China’s Li Xiaoxia and Ding Ning reached the semi-finals of women’s singles, with Japanese Kasumi Ishikawa and Feng Tianwei of Singapore also reaching the last four in table tennis.
Li defeated Li Jiao of Singapore 4-0, and Ding won over Ai Fukuhara of Japan 4-0 on Tuesday. Ishikawa defeated Wang Yuegu of Singapore 4-1, and Feng beat Kim Kyun-gah of South Korea 4-2. Ding and Li are the favourites to play in Wednesday’s gold-medal final.
Anything other than an all-China final will be a shock.
China has monopolized pingpong, winning 20 of 24 gold medals since the sport was introduced in the 1988 Olympics. Four years ago it won all three medals in women’s singles, prompting the sports governing body to limit men’s and women’s singles entries this time to two per country.
The 19-year-old Ishikawa is trying to make history in Japan, which has a strong tradition in table tennis but has yet to win an Olympic medal of any kind in the sport.
“I don’t feel tremendous pressure,” Ishikawa said. “I feel very nervous, obviously. But I know that I don’t have to win, so I am just enjoying it.”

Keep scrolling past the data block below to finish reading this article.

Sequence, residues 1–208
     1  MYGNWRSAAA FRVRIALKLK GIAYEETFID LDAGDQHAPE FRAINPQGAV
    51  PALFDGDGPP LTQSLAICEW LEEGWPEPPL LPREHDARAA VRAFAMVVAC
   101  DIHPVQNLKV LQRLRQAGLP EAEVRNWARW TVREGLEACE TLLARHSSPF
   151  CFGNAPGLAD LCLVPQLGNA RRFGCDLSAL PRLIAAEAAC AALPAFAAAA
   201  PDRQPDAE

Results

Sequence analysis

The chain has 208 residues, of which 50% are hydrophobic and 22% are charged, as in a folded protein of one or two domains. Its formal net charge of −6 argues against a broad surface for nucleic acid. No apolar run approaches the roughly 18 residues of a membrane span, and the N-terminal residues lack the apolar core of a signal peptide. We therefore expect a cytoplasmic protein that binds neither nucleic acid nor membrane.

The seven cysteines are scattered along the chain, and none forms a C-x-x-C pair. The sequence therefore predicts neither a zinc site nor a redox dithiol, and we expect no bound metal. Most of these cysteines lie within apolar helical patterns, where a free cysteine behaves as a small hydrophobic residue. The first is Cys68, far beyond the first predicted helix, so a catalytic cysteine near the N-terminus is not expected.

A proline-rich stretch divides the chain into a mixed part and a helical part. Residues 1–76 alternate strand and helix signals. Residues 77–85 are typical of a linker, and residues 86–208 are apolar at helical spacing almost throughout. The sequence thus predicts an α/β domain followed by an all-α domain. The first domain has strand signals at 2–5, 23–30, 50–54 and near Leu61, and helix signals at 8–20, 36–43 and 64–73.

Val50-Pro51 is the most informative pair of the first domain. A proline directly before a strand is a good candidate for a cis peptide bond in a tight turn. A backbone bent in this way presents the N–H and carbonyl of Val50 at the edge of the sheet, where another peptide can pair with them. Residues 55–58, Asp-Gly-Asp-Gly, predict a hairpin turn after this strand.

Japanese flags are spotted around the venue at the ExCel center, making a cozy atmosphere in the 6,000-seat arena a cavernous space by table tennis standards.
“The crowd support is fantastic and it’s really given me a lot of strength,” Ishikawa said. “Yeah, it’s a bit like playing in Japan.”
Ishikawa will begin to share popularity in Japan with Fukuhara, who is a superstar athlete back home. She played at 15 in the 2004 Olympics and was the flag bearer at the 2008 Olympics in Beijing.
Ishikawa was to face Li in the semi-finals later Tuesday, and Ding plays Feng.
Fukuhara pushed Ding, losing 15-13 in the first game. Dispirited, she lost the next three 11-6, 11-6, 11-4.
“If I had won the first game, I’d have had a chance,” she said. “She (Ding) is so strong.”
Asked to compare the Chinese game to the rest, Fukuhara raised one hand above her head and lowered the other.
“That’s the difference,” she said.